and due to both trolls and crazy people deliberately making destructive
types of posts, the forum has now been removed to members only to allow
for reasonable and private discussions.

The website is dead slow right now and that has to be fixed quickly.
I don't have all the details of exactly what is or isn't installed yet.
A board meeting is about to happen and then I should be able to check
out the mess.

I'm planning on moving to just delivering the content and who cares if
it's pretty or not. As long as it's much faster.

I just need some guidance along the way.
RTFM these 250 manual pages is the right way, except that actions need to
happen fast. This really is a case of do things sorta the wrong way and
fix it ASAP, or don't do anything and then the SHTF.

I want everything done in the end really well and secure, but no
donations, no volunteers and no new members or no renewing members
equals no organization. That's bad.

Thanks for your suggestions. I didn't think other architectures would be
suitable, but it was worth asking.

Chris Bennett




>
> Virtually what you want to do is a good firewall protecting everything.
> OpenBSD excels at security so definitely recommended. As to mail server, I
> really think you need to research the different components first that make
> up the system.
>
> Firstly for power reasons what type of usage do you estimate?
>
> Will you be needing a separate external mail gateway?
>
> Does your ISP offer Reverse DNS?
>
>
> After that the best thing to do would be to setup a small lab with a test
> machine and try different setups out. Like say using Sendmail, Postfix
> etc.... for SMTP. Many people here have different opinions and takes on this
> but really it is up to you to decide what you like best and also what you
> need it to do - you can only find that out by testing out different things.
>
> Then how your users will connect... IMAP, POP, HTTP?? In todays day and age
> IMAP is the preferred protocol but there of course are others - please do
> not ever mention M$ Exchange as it should be obliterated!
>
>
> Once you understand the core components necessary then you will start to
> formulate specific questions of how/why is (x) needed etc... then answers
> can be more specific too but for now read a lot and test out different
> things to see which one fits you best :-)
>
>
> Regards,
>
>
> Kaya
>
>

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I love your Emails. This one made my day!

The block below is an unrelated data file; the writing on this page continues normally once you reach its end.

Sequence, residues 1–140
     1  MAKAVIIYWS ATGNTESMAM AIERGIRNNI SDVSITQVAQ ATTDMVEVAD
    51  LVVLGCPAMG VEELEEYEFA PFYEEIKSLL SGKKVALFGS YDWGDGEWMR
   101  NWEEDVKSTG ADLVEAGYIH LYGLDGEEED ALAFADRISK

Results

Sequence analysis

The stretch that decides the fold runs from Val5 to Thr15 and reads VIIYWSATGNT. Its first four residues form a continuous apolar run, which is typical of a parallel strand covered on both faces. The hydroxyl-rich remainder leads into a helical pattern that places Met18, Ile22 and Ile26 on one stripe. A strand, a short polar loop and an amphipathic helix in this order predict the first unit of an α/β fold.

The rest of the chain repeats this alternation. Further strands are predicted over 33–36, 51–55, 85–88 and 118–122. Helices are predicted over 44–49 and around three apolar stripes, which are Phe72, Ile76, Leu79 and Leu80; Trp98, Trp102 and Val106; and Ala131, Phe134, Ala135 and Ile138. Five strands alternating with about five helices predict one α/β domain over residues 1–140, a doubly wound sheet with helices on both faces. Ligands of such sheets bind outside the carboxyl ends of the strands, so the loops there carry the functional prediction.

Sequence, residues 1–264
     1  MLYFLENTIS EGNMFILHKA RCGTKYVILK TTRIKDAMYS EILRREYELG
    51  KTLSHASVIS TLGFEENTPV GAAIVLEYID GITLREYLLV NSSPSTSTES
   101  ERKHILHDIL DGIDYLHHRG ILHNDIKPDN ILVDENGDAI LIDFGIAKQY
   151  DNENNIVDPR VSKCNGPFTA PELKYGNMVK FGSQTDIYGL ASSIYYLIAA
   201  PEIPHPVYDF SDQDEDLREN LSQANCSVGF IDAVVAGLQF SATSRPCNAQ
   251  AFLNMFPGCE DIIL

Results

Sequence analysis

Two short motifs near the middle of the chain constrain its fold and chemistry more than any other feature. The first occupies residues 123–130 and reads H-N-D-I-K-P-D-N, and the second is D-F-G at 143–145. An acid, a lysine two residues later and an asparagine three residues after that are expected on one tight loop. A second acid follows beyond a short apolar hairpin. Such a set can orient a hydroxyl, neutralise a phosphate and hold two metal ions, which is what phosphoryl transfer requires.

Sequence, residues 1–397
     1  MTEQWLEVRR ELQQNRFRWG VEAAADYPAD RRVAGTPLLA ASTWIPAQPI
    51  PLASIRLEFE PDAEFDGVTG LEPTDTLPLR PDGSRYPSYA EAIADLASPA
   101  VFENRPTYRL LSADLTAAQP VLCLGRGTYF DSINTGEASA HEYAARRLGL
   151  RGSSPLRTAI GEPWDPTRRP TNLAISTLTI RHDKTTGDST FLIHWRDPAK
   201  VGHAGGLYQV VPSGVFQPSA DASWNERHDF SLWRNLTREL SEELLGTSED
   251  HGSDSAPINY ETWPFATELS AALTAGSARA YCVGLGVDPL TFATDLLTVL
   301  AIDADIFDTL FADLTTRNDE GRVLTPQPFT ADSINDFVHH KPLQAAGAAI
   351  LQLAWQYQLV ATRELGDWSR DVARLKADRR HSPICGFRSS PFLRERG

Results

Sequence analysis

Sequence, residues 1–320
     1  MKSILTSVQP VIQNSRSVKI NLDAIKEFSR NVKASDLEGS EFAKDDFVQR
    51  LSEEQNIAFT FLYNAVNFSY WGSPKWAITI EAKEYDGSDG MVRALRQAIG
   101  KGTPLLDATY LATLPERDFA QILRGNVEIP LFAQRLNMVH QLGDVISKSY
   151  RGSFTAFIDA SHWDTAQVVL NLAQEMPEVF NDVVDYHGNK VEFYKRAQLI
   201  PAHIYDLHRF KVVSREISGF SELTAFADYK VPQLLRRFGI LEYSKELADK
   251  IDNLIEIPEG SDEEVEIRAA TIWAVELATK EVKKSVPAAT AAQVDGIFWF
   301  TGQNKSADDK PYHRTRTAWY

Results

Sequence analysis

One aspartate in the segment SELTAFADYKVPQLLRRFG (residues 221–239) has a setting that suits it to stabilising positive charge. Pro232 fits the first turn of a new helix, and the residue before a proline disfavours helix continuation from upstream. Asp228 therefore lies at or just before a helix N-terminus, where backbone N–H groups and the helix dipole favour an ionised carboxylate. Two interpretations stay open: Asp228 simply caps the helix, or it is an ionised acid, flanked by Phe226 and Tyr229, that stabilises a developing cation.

Josh Grosse-3
In reply to this post by Nick Holland
Thank you!

On November 20, 2018 2:24:55 PM EST, Nick Holland <[hidden email]> wrote:

>On 11/20/18 11:43, Chris Bennett wrote:
>> I am almost certainly going to be replacing with a new server for an
>> organization I am a member of.
>> With all of this mess with Meltdown, Spectre, insecure motherboard
>> chips,etc.
>> I am pretty clueless on exactly what is going to be a secure set of
>> server hardware.
>> Intel, well no.
>> AMD? I have read about problems with non-CPU chips being compromised.
>> Another architecture? I have never used anything other than
>Intel/AMD.
>>
>> The server will run httpd, mailserver, PostgreSQL and somehow a good
>way
>> for well encrypted messaging at times.
>
>all on one server?
>
>And as someone who has run a number of mail servers for a number of
>companies ... don't.  Just don't.  Running your own mail server is a
>good way to accomplish nothing except wasting a lot of time and making
>people hate you.
>
>> It is very likely to run out of Austin, Texas.
>> I think that having a direct connection would be best, but would a
>> proper setup make collocation OK?
>
>You are using poorly defined buzzwords.  What you mean by a "direct
>connection", "proper setup", "collocation" and what I mean are likely
>very different.
>
>> This isn't going to be my server, I will just be in charge. That's
>> completely new for me.
>> Any advice is really welcome, everywhere I read anything, hardware
>seems
>> broken and insecure.
>
>Pretty much all new HW is optimized in ways that we are now learning
>(and has been known for a long time) introduce security problems.
>However, most of the problems boil down to having malicious software
>running in the control of someone else on the same physical machine
>YOUR
>code is running on.
>
>In short: No news.  Really.
>
>If someone that wanted to do you evil lived in the same house as you,
>you would not be comfortable, right?  What if you put up walls
>(virtualization) that have proven to to be about as robust as paper?
>That make you feel any better?  Probably not.  Virtualization has been
>proven -- over and over -- not terribly secure.  Now we got
>cross-virtualization platforms ways of stealing data from other
>processes.  Important? yes.  But in the big picture, it's similar to
>Yet
>Another buffer overflow.
>
>So...split your tasks on different physical systems as much as
>possible.
>If your webserver is serving static pages, it's probably pretty robust.
> If it's running Wordpress or any other "any idiot can manage the web
>page" apps or dynamic web pages for other reasons, it should be a
>machine of its own and have no other important data on it.
>Your primary goal should be to keep the bad guys off your computer in
>every sense.  And again...nothing new here.
>
>But if security is your concern, you want real hw you control in every
>sense.
>
>Unfortunately, if you have performance requirements, your choices are